before and after

before & after: brian’s nursery + joanne’s tea room

by Kate Pruitt

I don’t have kids yet, but I can still appreciate a great nursery when I see one. Such is the case with this lovely owl-themed nursery from Brian and Kristy Hoffman. Brian and Kristy decided to keep the gender of their baby a mystery, which required some inventiveness when it came to designing the space.

They used found and recycled materials to create this neutral, modern and playful nursery with an impressive bunch of DIY elements. The salvaged wood tree installation, the vintage crate and baby bottle lamp, the toy clock — I love them all! According to his parents, baby Brody is settling right in to his creative and colorful room :) Great job, Brian & Kristy! — Kate

Have a Before & After you’d like to share? Shoot me an email with your images right here! (Low res, under 500k per image, please.)

CLICK HERE for Joanne’s tea room after the jump!

There have been a slew of new cafes opening up in my neighborhood, each with its own unique style. It’s been difficult for me to choose which one I like best, but if a shop like this was one of them, the choice would be made. Joanne Kelly, the architect behind this amazing redesign, made many a smart decision for cozying up this space. The dramatic dark walls, industrial-style wood counters and eclectic artwork are pretty great, but to be honest, it’s the rows upon rows of glass candy jars that have me hooked :) Amazing work, Joanne!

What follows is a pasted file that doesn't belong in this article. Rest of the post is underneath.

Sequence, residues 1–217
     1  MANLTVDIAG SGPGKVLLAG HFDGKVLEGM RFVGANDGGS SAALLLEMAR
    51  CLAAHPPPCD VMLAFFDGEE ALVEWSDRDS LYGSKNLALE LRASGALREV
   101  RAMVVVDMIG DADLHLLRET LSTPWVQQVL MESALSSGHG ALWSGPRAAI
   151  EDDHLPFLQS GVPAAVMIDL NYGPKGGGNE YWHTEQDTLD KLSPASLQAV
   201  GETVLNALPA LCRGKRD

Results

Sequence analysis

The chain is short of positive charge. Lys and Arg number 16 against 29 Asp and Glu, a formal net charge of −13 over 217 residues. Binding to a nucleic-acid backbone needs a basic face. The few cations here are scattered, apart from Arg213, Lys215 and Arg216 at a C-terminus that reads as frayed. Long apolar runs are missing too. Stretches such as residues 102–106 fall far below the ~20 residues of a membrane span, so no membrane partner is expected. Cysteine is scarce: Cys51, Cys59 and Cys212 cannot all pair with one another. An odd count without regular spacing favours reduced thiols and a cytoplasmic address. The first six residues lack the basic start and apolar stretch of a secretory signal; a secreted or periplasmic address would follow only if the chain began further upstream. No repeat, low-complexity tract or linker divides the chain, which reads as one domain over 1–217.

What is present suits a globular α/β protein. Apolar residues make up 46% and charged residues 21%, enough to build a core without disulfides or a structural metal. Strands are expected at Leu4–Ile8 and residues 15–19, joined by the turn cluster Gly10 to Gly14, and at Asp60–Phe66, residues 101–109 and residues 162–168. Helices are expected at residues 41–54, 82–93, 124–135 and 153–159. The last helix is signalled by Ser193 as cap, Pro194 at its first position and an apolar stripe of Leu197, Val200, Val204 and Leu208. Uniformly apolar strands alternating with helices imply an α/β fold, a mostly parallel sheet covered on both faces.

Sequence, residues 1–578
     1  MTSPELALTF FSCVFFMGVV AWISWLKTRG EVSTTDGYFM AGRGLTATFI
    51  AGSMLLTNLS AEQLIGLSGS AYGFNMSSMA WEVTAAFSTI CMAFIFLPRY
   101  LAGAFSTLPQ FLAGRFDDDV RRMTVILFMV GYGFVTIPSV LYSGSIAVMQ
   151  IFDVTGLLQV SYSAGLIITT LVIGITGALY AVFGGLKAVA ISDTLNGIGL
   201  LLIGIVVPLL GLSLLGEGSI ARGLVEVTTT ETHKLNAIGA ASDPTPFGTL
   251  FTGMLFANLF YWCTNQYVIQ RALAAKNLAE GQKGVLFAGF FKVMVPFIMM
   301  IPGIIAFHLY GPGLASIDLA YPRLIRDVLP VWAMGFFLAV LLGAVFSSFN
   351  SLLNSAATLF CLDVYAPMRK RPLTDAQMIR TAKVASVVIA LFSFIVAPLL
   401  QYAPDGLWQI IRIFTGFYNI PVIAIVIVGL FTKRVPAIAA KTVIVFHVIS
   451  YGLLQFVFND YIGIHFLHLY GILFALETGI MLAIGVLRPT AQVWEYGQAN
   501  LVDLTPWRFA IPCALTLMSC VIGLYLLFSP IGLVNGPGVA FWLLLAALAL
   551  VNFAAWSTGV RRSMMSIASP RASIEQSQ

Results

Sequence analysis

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  • Love the use of salvaged and reclaimed items for the nursery decor…so clever and creative!

    And the tea room is terrific…I’m drooling over the selection of teas!

  • Wow, I am seriously in love with your tea room! I might try to do something like this when we redesign our home next month. Thanks for the great idea!

  • These are both fantastic. First off, that’s the most creative baby’s room I’ve ever seen.

    Secondly, I’d like to move into that tea room. The walls are just gorgeous!

  • That is one of the best nurseries I have seen in a long time, very creative. Love the cozy feel they created in the tearoom too.

  • [just fyi – the first “CLICK HERE” link goes to the incorrect page.]

    Love the wall of mirrors!

  • I’m in the process of designing a nursery around owls- I guess owls are the thing and I absolutely love this!! I love the owl knobs from Antropologie too. Great job!!

  • Oh my—both of these are lovely. Who doesn’t love owls—so cute! I’d love to know the grey used on the walls of the cafe as well. It might be just what I’m looking for. thanks!

  • I bought tea from that shop yesterday! It smells as good as it looks. It’s in Dublin.

  • Wow. That nursery looks amazing. It’s interesting how a little personal touch can make a room seem so much warmer.

  • no fair!!! that’s is the most clever, resourceful, adorable, hip nursery i’ve ever seen. why do some people get all the brilliant genes???